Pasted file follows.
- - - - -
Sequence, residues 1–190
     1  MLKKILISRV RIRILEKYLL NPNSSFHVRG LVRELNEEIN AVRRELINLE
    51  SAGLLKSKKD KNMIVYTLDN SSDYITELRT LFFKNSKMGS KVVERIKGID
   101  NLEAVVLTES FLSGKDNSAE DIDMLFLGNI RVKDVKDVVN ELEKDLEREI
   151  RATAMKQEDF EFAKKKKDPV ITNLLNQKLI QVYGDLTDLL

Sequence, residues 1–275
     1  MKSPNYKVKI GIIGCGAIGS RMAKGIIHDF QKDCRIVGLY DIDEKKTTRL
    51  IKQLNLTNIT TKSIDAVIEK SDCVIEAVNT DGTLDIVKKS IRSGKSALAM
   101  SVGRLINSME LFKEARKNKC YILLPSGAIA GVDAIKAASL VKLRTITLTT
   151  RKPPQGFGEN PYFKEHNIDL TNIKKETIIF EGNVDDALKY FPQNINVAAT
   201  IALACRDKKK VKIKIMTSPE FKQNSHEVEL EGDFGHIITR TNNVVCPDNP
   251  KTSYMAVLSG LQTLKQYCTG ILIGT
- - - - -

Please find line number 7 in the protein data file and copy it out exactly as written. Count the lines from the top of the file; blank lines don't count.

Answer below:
     1  MKSPNYKVKI GIIGCGAIGS RMAKGIIHDF QKDCRIVGLY DIDEKKTTRL